Tesla’s Self-Driving Recall Only Proves Its Dominance

by Tony Sagami
By Tony Sagami

A couple of years ago, I received a recall notice for the airbags in my Toyota (TM) Corolla.

They kept my car for five days while they waited for parts, and I had to listen to a gauntlet of sales pitches for overpriced maintenance services.

The recall was free, but it cost me time and lots of aggravation.

Last week, the National Highway Traffic Safety Administration reported that Tesla (TSLAvehicles equipped with Full Self-Driving technology could allow a vehicle to travel dangerously through an intersection.

“The FSD Beta system may allow the vehicle to act unsafe around intersections, such as traveling straight through an intersection while in a turn-only lane, entering a stop sign-controlled intersection without coming to a complete stop or proceeding into an intersection during a steady yellow traffic signal without due caution,” said the recall notice.

As a result, 362,758 Tesla vehicles in the U.S. were recalled, and Tesla stock dropped 5.7% on the news.

Over-the-Air Software Patch

Unlike my Toyota Corolla recall, none of the Tesla owners will need to deliver their car to a Tesla dealership (and listen to a commission-fueled sales pitch). Instead, Tesla will fix the problem with an over-the-air software patch.

Therefore, referring to an over-the-air software update as a recall is silly.

This is not the first time Tesla was able to repair a problem quickly with an over-the-air software patch. Last September, Tesla issued a recall for more than 1.1 million vehicles because the window automatic reversal system might not have reacted correctly after detecting an obstruction.

Tesla delivered a software update over the internet airwaves and the problem was repaired instantaneously.

Similarly, nobody had to bring their car to a dealership or listen to overpriced, add-on maintenance sales pitches.

Tesla’s Hyperfocus on Software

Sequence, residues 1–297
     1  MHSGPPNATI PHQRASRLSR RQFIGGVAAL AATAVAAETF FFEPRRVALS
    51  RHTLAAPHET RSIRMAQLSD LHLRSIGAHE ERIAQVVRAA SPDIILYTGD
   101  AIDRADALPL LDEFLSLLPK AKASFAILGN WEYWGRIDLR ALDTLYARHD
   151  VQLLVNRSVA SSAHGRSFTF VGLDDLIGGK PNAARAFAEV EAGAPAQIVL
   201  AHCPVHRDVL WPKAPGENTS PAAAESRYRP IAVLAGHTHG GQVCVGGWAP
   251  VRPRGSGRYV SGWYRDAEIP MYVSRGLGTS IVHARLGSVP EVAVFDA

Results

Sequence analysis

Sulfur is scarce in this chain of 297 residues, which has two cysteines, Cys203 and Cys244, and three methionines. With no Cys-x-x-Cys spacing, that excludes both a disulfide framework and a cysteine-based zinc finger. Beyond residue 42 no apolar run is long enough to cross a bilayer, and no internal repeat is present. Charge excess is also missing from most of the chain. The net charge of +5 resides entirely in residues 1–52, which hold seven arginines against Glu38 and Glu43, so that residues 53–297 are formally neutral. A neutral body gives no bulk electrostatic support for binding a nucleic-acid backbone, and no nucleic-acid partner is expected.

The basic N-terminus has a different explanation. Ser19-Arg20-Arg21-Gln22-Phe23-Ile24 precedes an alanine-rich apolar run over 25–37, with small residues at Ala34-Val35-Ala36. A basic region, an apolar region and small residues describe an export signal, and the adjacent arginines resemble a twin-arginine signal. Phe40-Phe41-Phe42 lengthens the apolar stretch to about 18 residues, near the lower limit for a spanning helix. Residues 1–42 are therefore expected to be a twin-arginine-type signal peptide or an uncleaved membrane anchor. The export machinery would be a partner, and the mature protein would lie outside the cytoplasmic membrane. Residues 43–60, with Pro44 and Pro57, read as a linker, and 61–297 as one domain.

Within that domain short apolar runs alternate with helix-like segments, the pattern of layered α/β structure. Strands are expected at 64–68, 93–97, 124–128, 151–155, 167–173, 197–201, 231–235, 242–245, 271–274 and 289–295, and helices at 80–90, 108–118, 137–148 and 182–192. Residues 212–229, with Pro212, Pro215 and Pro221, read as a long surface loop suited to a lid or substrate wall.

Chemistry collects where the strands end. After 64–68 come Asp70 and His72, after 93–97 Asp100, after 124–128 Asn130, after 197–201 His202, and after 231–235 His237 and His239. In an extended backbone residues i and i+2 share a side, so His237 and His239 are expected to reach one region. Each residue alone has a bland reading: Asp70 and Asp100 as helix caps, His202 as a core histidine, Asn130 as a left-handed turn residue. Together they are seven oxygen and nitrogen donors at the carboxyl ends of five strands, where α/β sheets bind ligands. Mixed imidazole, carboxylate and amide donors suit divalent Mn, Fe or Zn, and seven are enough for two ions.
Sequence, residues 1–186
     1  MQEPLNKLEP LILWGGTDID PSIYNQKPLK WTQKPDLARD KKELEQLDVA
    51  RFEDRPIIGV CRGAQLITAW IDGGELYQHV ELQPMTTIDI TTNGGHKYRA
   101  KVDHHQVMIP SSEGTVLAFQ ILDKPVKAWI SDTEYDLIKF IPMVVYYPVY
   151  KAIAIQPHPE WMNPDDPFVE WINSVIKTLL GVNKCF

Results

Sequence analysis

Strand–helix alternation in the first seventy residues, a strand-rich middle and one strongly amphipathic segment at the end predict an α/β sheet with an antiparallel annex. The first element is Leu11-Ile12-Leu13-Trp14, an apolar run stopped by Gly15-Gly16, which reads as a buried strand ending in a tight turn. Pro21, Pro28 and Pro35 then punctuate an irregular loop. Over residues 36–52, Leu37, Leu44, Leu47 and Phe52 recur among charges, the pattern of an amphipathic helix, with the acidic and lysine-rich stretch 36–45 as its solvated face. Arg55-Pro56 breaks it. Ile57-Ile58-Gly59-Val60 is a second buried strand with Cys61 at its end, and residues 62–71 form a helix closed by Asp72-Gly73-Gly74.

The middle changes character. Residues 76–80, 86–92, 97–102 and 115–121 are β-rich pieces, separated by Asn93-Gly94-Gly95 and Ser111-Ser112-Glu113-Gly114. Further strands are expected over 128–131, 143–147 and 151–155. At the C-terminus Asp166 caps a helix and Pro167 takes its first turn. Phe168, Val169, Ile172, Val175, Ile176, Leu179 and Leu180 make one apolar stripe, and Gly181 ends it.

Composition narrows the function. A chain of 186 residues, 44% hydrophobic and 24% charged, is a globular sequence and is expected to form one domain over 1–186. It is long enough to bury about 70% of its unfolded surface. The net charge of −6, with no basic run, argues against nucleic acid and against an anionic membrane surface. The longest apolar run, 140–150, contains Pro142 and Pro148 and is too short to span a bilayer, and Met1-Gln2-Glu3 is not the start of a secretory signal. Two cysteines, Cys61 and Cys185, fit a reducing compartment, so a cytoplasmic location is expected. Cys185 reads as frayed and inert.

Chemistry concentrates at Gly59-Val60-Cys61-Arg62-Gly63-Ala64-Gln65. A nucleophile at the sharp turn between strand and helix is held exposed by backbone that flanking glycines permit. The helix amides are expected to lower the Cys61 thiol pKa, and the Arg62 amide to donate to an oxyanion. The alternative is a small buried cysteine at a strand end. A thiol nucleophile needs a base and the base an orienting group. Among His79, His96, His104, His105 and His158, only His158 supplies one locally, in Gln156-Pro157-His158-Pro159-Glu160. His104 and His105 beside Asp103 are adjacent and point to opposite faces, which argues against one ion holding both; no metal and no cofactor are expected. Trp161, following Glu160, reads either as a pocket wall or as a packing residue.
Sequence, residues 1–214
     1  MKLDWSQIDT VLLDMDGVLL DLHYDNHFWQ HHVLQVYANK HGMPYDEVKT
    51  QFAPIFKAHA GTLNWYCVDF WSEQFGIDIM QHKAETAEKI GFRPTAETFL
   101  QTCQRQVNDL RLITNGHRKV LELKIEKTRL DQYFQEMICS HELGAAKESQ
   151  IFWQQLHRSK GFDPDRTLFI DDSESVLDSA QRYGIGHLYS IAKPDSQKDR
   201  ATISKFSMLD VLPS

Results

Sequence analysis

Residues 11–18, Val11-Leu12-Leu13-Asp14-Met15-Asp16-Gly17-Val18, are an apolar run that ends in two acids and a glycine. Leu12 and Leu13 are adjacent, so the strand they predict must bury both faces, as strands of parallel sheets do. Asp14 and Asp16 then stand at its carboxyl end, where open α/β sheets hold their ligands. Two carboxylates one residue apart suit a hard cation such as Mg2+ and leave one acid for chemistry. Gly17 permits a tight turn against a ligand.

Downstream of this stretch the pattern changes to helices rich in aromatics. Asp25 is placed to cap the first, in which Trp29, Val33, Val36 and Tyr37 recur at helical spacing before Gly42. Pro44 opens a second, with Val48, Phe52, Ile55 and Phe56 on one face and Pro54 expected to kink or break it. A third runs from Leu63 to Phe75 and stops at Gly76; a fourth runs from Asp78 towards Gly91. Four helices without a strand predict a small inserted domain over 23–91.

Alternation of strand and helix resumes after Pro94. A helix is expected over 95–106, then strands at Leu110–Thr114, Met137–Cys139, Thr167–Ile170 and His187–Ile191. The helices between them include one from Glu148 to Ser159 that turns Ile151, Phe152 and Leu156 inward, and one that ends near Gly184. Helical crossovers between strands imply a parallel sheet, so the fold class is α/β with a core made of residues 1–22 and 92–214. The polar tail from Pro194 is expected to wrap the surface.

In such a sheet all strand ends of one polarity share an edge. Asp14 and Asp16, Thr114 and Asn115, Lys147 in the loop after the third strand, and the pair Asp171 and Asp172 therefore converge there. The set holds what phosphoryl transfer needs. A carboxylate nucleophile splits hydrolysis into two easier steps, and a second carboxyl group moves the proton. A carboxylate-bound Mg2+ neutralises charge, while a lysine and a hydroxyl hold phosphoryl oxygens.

Tesla has the world’s most advanced vehicle software. And it was developed in-house rather than being cobbled together from outside.

As a result, Tesla is years ahead of its competition when it comes to connectivity and over-the-air software updates.

None of the legacy automakers can match that software sophistication. General Motors (GM) and Ford Motor (F) still require their electric vehicle customers to bring their vehicle into a dealership for a recall.

Repairs at the dealership are expensive for legacy automakers and a pain in the rear for their customers.

In fact, Tesla’s software dominance will soon turn into a recurring multibillion-dollar-a-year business, as Tesla plans on offering its Full Self-Driving package as a subscription service.

Morgan Stanley (MS) forecasts that Tesla will be able to charge $100 a month for its autonomous driving service.

Tesla sold 1.3 million vehicles in 2022. And if 10% of those vehicle owners sign up for the service, you’re looking at billions of dollars of recurring revenue by 2026.

My point is that there is a lot more to Tesla than just manufacturing EVs. It also offers energy storage, solar panels, nationwide charging stations and robotics, as well as the above-mentioned Full Self-Driving business.

Plus, Tesla doesn’t use traditional dealerships, either. It eliminates the intermediary by selling their products directly to consumers through their Tesla Stores.

Tesla is the king of EVs but also has its fingers in a half-dozen other multibillion-dollar businesses.

And that is why you should own it.

All the best,


P.S. The Federal Reserve’s actions should have investors concerned for their financial well-being.

Starting as soon as May 2023, their insidious “Fed Control” powers could go live, which means that any accounts linked with the U.S. banking system could soon be at risk for surveillance of all transactions … or worse.

Investors who want to take action to protect their money should click here for four steps to take now to stay safe and grow their wealth.

About the Technology Analyst

Even in the worst years for stocks, Tony was twice named “Portfolio Manager of the Year” by Thomson Financial. He was one of the first to introduce computer software for trading stocks. And in the early 2000s, he wrote “The Supernet,” providing a vision of the future internet that was far ahead of its time.

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